“Is this career going to turn me into a giant jerk? Am I going to have to give up my family or lifestyle to finish school? Do I want to be a Pediatrician badly enough to do this? Why do I want to be a doctor? Really, really focus on the last questions, and don’t use the general common response such as, ‘Because I want to help people.’ You can help people by being in any career, so professionals must really determine why they want to become a Pediatrician.”
Why did you choose to become a Pediatrician?
“I was a Registered Nurse prior to going back to medical school. I realized I was missing information in nursing on patients that I was very interested in knowing, and that I had a strong desire to learn more about the mechanics of health. Honestly, I also wanted to be the boss instead of the subordinate and really in medicine if you don’t like being the boss and making critical decisions by yourself you need to stay out of medicine. A wimpy Physician is one of the more dangerous ones, in my opinion. So I wanted to understand complex pathology and I wanted to make the decisions for the patients.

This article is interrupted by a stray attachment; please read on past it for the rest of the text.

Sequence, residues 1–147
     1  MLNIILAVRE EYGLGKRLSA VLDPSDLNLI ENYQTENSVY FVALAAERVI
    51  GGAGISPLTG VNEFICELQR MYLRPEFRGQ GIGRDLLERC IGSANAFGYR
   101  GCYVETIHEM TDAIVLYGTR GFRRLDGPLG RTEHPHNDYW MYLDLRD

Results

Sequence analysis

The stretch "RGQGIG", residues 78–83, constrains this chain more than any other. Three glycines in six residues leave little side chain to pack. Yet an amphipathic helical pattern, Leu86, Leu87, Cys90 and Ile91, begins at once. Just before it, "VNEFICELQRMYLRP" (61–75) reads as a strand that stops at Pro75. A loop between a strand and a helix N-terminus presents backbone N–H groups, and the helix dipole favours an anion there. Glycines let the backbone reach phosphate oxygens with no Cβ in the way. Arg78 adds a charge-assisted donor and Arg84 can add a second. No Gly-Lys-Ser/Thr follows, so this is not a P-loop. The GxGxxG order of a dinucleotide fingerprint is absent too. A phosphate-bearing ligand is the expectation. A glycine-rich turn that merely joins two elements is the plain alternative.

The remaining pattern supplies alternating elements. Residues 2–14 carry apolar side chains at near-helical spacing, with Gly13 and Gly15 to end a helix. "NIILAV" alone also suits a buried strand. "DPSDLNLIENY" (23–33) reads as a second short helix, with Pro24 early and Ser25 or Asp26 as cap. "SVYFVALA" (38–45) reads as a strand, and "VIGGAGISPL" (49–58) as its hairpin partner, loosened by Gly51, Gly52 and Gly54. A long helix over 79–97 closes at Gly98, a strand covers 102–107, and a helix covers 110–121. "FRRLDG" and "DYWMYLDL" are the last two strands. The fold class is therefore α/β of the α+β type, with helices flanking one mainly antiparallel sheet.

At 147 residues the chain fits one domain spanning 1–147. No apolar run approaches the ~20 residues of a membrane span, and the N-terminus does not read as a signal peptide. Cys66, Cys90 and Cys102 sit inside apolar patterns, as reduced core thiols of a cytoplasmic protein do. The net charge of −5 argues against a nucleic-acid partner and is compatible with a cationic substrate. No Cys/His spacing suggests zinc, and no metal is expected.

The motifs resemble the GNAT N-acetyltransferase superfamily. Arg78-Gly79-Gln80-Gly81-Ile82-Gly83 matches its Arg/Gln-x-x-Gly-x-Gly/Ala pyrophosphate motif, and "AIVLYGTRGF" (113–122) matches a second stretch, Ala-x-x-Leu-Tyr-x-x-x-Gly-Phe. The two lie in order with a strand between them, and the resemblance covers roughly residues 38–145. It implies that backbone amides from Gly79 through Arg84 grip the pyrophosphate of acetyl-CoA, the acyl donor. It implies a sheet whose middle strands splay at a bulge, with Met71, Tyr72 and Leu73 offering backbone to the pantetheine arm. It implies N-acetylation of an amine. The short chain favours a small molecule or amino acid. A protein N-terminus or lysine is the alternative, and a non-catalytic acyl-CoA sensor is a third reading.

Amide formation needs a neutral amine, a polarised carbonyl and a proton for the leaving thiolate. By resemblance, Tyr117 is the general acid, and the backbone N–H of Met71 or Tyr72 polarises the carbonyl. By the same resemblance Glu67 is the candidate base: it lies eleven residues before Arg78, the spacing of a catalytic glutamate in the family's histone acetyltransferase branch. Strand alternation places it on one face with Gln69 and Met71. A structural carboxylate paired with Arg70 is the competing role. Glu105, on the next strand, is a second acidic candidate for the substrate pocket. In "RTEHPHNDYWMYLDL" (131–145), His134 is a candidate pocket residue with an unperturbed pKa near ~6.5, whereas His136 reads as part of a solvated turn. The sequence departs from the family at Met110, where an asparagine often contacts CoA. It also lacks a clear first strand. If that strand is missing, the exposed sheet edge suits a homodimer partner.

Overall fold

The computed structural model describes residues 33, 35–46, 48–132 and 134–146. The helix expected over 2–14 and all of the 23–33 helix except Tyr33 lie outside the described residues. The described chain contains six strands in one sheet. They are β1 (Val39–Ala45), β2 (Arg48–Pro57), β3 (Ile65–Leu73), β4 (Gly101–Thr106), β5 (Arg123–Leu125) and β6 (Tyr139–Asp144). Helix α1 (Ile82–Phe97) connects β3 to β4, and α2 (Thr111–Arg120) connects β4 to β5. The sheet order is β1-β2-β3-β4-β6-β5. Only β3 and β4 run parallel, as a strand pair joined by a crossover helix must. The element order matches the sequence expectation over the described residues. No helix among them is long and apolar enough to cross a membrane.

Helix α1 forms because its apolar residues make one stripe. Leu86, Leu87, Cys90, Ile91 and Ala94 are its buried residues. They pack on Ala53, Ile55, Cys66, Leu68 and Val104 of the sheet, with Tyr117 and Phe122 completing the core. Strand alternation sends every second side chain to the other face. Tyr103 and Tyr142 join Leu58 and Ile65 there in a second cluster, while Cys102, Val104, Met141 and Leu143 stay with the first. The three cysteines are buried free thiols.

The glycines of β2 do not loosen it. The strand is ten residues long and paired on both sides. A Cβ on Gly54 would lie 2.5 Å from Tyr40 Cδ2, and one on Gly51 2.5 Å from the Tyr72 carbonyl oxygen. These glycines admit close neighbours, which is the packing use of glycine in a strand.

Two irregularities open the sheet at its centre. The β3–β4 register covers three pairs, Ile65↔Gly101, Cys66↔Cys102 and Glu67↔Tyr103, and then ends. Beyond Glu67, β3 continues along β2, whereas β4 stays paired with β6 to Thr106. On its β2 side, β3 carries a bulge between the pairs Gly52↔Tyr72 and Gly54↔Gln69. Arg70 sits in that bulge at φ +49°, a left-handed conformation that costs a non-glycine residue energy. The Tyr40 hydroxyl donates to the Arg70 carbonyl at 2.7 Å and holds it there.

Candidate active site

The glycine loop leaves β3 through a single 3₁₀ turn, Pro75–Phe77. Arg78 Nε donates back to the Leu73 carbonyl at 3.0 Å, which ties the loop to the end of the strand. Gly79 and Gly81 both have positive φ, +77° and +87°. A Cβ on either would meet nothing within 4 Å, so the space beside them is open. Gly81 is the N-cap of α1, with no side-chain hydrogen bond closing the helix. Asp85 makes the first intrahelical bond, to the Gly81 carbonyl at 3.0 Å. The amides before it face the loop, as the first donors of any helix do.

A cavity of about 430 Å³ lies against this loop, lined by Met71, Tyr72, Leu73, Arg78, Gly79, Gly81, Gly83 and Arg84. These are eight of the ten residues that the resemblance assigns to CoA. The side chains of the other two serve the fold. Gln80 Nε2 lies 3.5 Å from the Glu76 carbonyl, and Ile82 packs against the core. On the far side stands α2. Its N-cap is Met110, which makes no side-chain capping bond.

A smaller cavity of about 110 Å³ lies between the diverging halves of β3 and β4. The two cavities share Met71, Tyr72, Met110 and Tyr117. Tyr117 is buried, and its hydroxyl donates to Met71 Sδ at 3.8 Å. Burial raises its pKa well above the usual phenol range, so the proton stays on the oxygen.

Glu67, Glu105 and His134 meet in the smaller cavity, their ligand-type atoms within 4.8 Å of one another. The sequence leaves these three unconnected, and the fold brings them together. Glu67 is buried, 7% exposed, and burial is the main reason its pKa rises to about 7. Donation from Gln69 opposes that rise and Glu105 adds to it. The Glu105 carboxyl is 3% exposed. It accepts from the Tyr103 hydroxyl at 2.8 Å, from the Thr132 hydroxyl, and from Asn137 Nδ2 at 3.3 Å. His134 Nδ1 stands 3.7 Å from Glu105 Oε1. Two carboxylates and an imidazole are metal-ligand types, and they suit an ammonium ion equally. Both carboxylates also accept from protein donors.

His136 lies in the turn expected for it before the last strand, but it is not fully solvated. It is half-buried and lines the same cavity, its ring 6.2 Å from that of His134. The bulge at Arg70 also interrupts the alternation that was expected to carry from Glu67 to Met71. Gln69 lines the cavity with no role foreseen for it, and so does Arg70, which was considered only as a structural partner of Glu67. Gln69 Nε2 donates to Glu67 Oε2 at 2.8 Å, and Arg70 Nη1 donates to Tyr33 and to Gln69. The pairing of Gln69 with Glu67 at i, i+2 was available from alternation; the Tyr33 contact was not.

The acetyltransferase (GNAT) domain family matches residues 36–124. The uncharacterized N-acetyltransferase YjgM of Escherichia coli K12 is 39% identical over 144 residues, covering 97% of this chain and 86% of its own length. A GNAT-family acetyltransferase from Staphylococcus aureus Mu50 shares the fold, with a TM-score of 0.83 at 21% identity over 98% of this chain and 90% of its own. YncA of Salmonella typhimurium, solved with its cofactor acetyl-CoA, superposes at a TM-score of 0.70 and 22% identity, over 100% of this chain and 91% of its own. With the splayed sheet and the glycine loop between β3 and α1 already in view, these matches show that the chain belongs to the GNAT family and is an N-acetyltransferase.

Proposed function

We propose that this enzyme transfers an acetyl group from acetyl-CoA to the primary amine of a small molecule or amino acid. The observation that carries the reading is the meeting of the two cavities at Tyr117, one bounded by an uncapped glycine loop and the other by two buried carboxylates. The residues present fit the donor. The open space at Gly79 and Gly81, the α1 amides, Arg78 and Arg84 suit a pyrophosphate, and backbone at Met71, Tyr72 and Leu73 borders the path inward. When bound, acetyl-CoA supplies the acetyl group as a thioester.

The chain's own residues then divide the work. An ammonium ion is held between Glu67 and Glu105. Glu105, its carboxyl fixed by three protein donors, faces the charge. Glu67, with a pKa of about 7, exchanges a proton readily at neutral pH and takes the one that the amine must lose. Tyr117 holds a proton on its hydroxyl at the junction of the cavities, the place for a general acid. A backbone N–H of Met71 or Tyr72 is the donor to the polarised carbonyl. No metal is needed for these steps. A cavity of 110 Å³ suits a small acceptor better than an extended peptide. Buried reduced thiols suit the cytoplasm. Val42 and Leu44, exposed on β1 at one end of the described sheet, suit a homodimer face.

Now a quick note on that desire, my very first day as a full-fledged Physician, a very sick child came into the emergency room and was having seizures. Three nurses looked at me with smug faces and said ‘So what do you want to do with this child?’ My life flashed before me as I realized how stressful this was and the fact that right now I could be back at my old career.
I had to give myself a quick pep talk and said to myself, ‘Girl this is what you wanted, now go ahead and make a decision.’ I looked at the Nurses confidently and said, “Ativan 1mg push.” They smiled and went to giving the medicine and the patient stopped having the seizure almost immediately. This was one of the scariest and greatest moments of my career.”
If you could describe in one word what makes you successful, what would it be?
*Credentialing organization: American Board of Pediatricians